With origins dating back beyond the 16th century, the modern brass Put & Take top gained popularity in the early 20th century through the 1940’s. The appeal of these spinners hit its peak when they were adopted by soldiers as a easily transported gambling piece during WWI. It is a simple game to learn, with only a few rules. You can establish as many variations as your tolerance for risk will allow and the number of people that can play at one time is limited only by the number of players that can crowd around the table.
The Gamp Sports Put & Take Top is a unique eight sided spinner made with of solid brass. Precision craftsmanship makes our top is so well balanced that a well-trained spinner can keep the top going for over 2 minutes on a smooth surface!
How to Play:
- The first spinner establishes the “Ante” amount to start a round.
- Each player puts up an Ante. There can be any number of rounds to a game.
- The “Ante” can be anything. An amount of tokens, money, drinks, clothing, you name it!
- The youngest player starts a round of play.
- The first player spins the top. If the top comes down “P” side up, the player puts into the pot the amount of Ante(s) indicated (i.e. Put one, two, three or All). For “AP” (All Pay) all players re-ante one into the pot. If the spinner lands with “T” side up, the player takes the amount indicated from the pot. After spinning the player passes the top to the next player. For “TA” (Take All) the player takes the whole pot. The game can then be re-started with a new Ante.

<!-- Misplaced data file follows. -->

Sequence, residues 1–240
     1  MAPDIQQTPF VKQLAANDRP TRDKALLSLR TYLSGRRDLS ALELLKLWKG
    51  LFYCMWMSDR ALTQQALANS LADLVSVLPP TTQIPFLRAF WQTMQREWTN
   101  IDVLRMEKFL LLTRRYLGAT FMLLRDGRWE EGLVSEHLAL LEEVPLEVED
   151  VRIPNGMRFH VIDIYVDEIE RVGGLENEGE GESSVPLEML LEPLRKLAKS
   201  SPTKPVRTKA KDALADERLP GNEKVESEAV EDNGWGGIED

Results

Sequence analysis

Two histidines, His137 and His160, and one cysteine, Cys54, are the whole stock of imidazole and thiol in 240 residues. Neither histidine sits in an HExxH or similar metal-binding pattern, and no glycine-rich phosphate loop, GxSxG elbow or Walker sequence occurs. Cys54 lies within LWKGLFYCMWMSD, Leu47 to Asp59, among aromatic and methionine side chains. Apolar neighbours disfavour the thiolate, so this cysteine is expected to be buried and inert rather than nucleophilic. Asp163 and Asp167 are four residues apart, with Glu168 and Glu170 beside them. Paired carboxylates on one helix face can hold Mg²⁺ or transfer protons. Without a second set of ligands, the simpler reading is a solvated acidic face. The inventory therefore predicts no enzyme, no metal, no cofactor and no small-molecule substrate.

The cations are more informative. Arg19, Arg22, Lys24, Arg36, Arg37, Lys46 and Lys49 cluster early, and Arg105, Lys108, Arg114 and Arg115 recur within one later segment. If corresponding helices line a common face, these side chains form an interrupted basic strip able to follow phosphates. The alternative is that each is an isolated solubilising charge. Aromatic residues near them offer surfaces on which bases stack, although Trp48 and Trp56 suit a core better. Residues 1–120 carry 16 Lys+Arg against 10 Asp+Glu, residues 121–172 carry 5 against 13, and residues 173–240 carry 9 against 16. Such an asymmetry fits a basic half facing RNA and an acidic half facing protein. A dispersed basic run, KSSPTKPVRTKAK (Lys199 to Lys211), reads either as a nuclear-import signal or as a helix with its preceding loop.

- The Top can be passed in any direction as long as it maintains that same direction for the entire round.
The markings on the top mean:
T1 = The spinner takes one (1) Ante from the pot.
T2 = The spinner takes two (2) Antes from the pot.
T3 = The spinner takes three (3) Antes from the pot.
P1 = The spinner Re-Antes one (1) into the pot.
P2 = The spinner Re-Antes two (2) into the pot.
P3 = The spinner Re-Antes three (3) into the pot.
AP = The spinner and “All Players” Re-Ante one (1) into the pot.
TA = The spinner “Takes All”.